This is a post from The Human Security Angle: the newsletter of the Master’s Programme in Human Security at Aarhus University.
Theresa, why did you decide to study human security at Aarhus University?
Choosing the Masters of Human Security at Aarhus University was both a personal and a career-based decision. Coming from New Zealand, Aarhus University might not seem like the most straightforward choice, but I met a Dane during my Overseas Exchange and wanted to situate myself in Scandinavia.
Having studied peace research-related papers in the final year of my Bachelor’s in Political Science, I knew I wanted to adopt a more holistic approach than what the usual Master’s in Political Science had to offer. Realist approaches in International Relations, and the heavy reliance on quantitative indicators, never quite convinced me, so I chose the Human Security programme because of its thematic and methodological holism.
Where did you do your work placement, and what did you learn?
During the first year in Human Security, I applied for a 4+4 PhD position. This meant that I opted for individual fieldwork rather than a work placement. My original project sought to investigate how the neglect of women and their psychological needs in the Liberian peacebuilding process had influenced the sustainability of peace.
I was going to conduct twelve months of fieldwork in urban and rural Liberia, but the Ebola outbreak set an end to my plans. I was thus recalled by Aarhus University and not allowed to return until the outbreak was officially considered over. This radically changed my topic, causing me to adapt my PhD to the concerns of Liberians, and allowed me to write on The Entangled & Changing InSecurity Becomings in the Aftermath of War and Ebola. The biggest takeaway message for me was: put your informants’ concerns and needs first.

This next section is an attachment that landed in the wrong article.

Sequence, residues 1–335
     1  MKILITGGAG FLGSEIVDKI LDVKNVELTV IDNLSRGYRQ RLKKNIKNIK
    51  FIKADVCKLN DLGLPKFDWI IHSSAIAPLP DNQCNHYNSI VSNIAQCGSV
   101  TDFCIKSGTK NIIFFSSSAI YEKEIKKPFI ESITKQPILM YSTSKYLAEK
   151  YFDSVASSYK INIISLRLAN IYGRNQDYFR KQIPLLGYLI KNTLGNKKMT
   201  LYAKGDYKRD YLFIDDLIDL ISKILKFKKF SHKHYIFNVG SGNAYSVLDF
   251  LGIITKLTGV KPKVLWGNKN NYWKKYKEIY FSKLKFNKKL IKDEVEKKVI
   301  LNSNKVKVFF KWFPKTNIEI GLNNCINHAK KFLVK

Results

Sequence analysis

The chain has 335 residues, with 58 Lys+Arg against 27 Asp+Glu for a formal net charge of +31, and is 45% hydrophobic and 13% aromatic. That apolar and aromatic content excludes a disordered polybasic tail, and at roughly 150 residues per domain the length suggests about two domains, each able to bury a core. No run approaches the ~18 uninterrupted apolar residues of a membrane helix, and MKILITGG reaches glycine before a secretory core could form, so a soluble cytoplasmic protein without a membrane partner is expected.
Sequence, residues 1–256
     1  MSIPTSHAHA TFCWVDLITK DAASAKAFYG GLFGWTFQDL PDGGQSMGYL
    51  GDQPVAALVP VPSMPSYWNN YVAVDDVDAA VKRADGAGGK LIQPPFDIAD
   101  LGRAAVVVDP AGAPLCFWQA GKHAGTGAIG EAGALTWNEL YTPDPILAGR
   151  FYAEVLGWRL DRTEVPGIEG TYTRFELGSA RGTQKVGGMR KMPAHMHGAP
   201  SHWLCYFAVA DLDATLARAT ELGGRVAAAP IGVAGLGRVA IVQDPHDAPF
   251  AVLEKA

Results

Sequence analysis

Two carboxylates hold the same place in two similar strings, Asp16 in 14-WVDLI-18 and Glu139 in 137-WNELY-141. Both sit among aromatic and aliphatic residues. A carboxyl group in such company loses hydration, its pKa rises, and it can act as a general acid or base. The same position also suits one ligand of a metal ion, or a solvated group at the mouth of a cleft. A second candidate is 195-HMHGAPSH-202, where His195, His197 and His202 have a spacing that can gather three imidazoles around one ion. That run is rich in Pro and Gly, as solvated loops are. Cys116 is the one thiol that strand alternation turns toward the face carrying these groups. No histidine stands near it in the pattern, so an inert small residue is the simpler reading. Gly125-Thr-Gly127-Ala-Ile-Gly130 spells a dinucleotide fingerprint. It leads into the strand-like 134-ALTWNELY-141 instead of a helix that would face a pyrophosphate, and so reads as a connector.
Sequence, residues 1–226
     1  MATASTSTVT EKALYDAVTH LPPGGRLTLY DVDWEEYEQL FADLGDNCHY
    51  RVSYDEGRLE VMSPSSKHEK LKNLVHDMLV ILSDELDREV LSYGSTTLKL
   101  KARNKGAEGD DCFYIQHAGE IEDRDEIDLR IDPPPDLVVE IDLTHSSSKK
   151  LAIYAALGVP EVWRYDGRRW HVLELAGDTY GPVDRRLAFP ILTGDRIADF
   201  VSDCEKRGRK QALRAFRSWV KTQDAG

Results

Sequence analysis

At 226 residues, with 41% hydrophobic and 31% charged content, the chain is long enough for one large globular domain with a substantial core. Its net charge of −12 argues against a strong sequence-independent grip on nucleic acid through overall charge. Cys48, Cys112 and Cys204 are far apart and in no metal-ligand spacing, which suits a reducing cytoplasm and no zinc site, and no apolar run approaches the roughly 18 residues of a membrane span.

What are you doing at the moment?
I am currently working as a postdoc in an interdisciplinary project between Aarhus University’s Psychology and Anthropology departments, criminologists from the University of Cambridge, and the Danish National Police. Our project compares different mediation practices to establish the best practice for Danish victim-offender meetings in terms of victim wellbeing and offender recidivism. It’s a mixed-methods project that strives for an experimental ethnography.
As one of the lecturers in the Human Security programme, I am also teaching our Research Methods course and acting as master’s supervisor.
What have you taken with you from your human security studies?
A lot has changed since I started my Master’s in Human Security and it has been a pleasure to see the programme grow and be an active part of this change. Six years later, I have turned my back on the methodological roots of my bachelor’s and self-identify more as an ethnographer than I ever thought possible. Human security is a foundational part of my academic identity. Who knows, maybe we’ll one day be able to call ourselves “human securitists?”